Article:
Nicola Vaccaj was a contemporary of Rossini and composer of numerous operas of which only his 1825 work Giulietta e Romeo survives. It was produced and recorded at the Festivale della Valle d’Itria in 2018 on the outdoor stage of the Palazzo Ducale in Martina Franca. Giulietta e Romeo, like Bellini’s work on the same subject, is based on earlier material rather than the Shakespeare play and it’s quite different apart from the basic faked death and dual suicide at the end. Here we are less concerned with two young lovers. There’s more broad-scale political stuff. Romeo commands the Ghibelline army that is besieging the Guelfs (including the Capulets) in Verona. He has already killed Giulietta’s brother in battle and the lovers have known each other for some time. So Romeo is rather more than a boy though still sung by a mezzo. The themes are more about bereavement and revenge than young love. The conflict is more than a quarrel between two urban dynasties.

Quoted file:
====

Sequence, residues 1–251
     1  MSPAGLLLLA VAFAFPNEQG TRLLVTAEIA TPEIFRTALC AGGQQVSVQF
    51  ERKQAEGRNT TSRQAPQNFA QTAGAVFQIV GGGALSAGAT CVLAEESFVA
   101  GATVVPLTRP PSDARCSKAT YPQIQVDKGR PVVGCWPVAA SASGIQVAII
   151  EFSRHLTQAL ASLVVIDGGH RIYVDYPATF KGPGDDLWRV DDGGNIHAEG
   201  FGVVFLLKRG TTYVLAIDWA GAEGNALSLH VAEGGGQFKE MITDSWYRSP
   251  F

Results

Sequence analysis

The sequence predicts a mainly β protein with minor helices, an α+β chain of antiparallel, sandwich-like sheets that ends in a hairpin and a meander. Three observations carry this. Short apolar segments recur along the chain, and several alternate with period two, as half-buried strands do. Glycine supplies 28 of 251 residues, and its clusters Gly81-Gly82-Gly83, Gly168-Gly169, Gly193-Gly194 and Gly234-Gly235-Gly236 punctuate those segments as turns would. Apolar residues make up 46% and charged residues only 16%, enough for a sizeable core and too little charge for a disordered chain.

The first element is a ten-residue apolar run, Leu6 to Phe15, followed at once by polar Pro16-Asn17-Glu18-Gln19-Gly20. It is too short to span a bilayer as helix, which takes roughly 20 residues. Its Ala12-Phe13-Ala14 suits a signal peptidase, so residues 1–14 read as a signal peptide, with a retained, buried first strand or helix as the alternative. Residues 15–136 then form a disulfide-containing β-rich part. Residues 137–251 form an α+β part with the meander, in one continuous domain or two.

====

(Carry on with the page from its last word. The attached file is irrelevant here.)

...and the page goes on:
I’ve often wondered what happened to Italian opera after Puccini because nothing much has ever come my way. That is until today when I got my hands on a DVD of Pizzetti’s 1958 piece, Assassinio nella Cattedrale which is closely based on the Eliot play. Murder in the Cathedral is, when one thinks about it and how Eliot uses the chorus, a really good basis for an opera libretto. The libretto sticks pretty close to the play and Pizzetti provides a tense, dramatic score which brings out the underlying fear and tension in the Eliot. Just occasionally, and very effectively, he becomes more openly lyrical, as in Becket’s acceptance of his impending martyrdom, but mostly it’s pretty high energy. That said, Pizzetti seems to be quite a conservative composer and the music is essentially tonal and easy to grasp. One curiosity I noted is that in the lead up to Becket’s death he interweaves the men’s chorus singing the Dies Irae with the forebodings of the women’s chorus and the setting of the Dies Irae he uses is the same as in Bergman’s Seventh Seal which came out the year before.